Two studies published in the past week link our sleep patterns to weight gain, and one of them also links too little or too much sleep to an increase in smoking and alcohol use.
According to the survey of 87,000 U.S. adults released yesterday by the U.S. Centers for Disease Control and Prevention (CDC), people who sleep less than six hours a night were shown to be more likely to be obese, have higher smoking and alcohol rates, and are less likely to engage in physical activity than those receiving 7 to 9 hours of sleep. People who sleep more than nine hours are also more likely to be obese.
According to another study published on May 1 that examined the research literature on the link between sleep and obesity, researchers found a consistent pattern of increased odds of being a short sleeper if you are obese, both in childhood and adulthood.
The research adds weight to a stream of studies that have found obesity and other health problems in those who don’t get proper shuteye, said Dr. Ron Kramer, a Colorado physician and a spokesman for the American Academy of Sleep Medicine.
“The data is all coming together that short sleepers and long sleepers don’t do so well,” Kramer said.
No cause and effect relationship can be shown by either study — it’s not clear whether those who sleep poorly are more likely to gain weight, or if obesity causes one to get less sleep. The study also did not account for the influence of other factors, such as a mental health concern such as depression, which can contribute to heavy eating, smoking, sleeplessness and other problems.
CDC Study Results
Obesity was seen amongst 33 percent of those who got less than 6 hours of sleep and 26 percent of those who slept longer than 9 hours. Obesity was a concern for only 22 percent of those who received 7 to 8 hours of sleep.
Smoking was highest for people who got under six hours of sleep, with 31 percent saying they were current smokers (as opposed to the national average of 21 percent). People who received 7 to 8 hours of sleep per night smoked less, 18 percent, according to the survey data.
For alcohol use, those who slept the least were the biggest drinkers. However, alcohol use for those who slept seven to eight hours and those who slept nine hours or more was similar.
In another measure, nearly half of those who slept nine hours or more each night were physically inactive in their leisure time, which was worse even than the lightest sleepers and the proper sleepers. Many of those who sleep nine hours or more may have serious health problems that make exercise difficult.
Sleep journal Study Results
Francesco P. Cappuccio, MD, of Warwick Medical School in the United Kingdom, and colleagues performed a systematic search of publications on the relationship between short sleep duration and obesity risk. The study appeared in the May 1 issue of the journal Sleep.
For the children, 13 population samples from the 12 studies were included in the pool analysis, for a total of 30,002 participants from around the world. The subjects’ age ranged from two to 20 years. Seven of 11 studies reported a significant association between short sleep duration and obesity.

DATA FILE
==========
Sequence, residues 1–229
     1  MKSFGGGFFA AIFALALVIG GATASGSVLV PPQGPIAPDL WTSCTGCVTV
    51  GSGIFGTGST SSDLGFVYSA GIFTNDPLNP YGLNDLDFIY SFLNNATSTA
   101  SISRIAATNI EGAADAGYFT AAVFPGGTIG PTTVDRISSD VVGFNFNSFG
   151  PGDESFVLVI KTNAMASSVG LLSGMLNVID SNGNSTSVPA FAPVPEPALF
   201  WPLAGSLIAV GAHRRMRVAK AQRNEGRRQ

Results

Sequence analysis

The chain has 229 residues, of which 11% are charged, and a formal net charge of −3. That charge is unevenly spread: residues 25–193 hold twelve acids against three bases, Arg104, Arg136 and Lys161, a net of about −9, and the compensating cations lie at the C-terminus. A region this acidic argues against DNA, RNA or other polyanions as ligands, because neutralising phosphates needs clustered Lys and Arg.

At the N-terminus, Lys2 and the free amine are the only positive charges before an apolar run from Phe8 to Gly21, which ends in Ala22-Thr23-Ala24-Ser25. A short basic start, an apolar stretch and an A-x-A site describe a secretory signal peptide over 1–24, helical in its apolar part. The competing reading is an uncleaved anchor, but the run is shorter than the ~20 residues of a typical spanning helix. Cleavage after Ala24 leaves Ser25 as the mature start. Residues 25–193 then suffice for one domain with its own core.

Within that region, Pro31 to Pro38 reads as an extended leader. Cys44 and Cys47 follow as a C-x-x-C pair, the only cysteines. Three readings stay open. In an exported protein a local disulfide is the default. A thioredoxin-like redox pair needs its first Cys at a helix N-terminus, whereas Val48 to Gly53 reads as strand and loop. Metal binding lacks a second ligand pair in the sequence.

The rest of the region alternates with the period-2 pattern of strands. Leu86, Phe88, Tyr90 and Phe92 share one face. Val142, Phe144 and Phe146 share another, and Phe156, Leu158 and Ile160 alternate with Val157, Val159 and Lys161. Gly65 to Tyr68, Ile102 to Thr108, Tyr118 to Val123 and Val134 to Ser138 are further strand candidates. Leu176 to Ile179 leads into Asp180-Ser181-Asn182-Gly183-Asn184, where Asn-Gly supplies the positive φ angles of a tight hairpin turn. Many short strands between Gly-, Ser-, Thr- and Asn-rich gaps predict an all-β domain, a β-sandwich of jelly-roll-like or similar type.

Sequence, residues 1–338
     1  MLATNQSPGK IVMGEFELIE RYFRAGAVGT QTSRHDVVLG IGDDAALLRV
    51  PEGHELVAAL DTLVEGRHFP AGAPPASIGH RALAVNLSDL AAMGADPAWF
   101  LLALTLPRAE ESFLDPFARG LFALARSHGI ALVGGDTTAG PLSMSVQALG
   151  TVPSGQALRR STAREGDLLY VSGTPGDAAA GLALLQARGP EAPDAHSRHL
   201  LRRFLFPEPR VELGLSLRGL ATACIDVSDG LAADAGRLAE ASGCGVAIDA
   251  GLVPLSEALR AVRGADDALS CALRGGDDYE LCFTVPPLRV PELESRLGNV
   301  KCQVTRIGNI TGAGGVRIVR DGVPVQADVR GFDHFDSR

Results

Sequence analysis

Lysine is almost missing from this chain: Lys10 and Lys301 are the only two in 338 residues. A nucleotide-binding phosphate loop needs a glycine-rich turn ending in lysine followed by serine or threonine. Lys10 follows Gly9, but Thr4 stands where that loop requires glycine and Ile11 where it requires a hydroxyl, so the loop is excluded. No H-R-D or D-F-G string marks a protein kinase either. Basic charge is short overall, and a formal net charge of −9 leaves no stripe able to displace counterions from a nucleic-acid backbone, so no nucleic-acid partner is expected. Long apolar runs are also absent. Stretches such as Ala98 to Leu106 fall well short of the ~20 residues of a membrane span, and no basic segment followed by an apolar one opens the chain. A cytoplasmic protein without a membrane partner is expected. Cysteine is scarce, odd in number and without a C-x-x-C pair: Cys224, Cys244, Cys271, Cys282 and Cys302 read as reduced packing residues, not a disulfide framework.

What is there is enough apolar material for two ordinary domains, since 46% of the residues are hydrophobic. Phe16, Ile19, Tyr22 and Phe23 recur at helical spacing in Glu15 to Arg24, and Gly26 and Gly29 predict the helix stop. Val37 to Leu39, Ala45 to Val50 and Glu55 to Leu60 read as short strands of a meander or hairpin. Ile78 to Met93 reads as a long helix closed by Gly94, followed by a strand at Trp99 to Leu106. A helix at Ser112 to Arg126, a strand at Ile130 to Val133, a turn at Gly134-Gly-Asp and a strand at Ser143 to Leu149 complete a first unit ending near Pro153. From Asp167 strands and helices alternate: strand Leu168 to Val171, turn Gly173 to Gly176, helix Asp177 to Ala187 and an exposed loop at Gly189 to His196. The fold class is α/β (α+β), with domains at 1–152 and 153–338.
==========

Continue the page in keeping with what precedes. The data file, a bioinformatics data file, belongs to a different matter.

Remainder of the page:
For the adults, 22 population samples from the 17 studies were included in the pool analysis, for a total of 604,509 worldwide participants. The subjects’ age ranged from 15-102 years. Seventeen population samples showed a significant association between short duration of sleep and obesity. Unlike studies in children, all studies in adults showed a consistent and significant negative association between hours of sleep and BMI.
“By appraising the world literature, we were able to show some heterogeneity amongst studies in the world,” said Cappuccio. “However, there is a striking consistent overall association, in that both obese children and adults had a significantly increased risk of being short sleepers compared to normal weight individuals.”
“This study is important as it confirms that this association is strong and might be of public health relevance,” he continued.
“However, it also raises the unanswered question yet of whether this is a cause-effect association. Only prospective longitudinal studies will be able to address the outstanding question.”
While an increasing number of adults are considered overweight, the number of overweight children is also on the rise. According to the National Heart, Lung and Blood Institute, the percentage of overweight children and teens has more than doubled in the past 30 years. Today, about 17 percent of American children aged two to 19 are overweight. An estimated 61 percent of U.S. adults aged 20-74 years are either overweight or obese. About 34 percent of these people are overweight and 27 percent or 50 million people are obese.
While eating healthy and exercising regularly are important precautions to take to reduce one’s chances of being overweight, getting enough sleep is equally as important.
A lack of sleep can lead to increased stress, relationship and work issues, and put one’s general physical health at increased risk.
Sources: National Center for Health Statistics, part of the Centers for Disease Control and Prevention, and the journal Sleep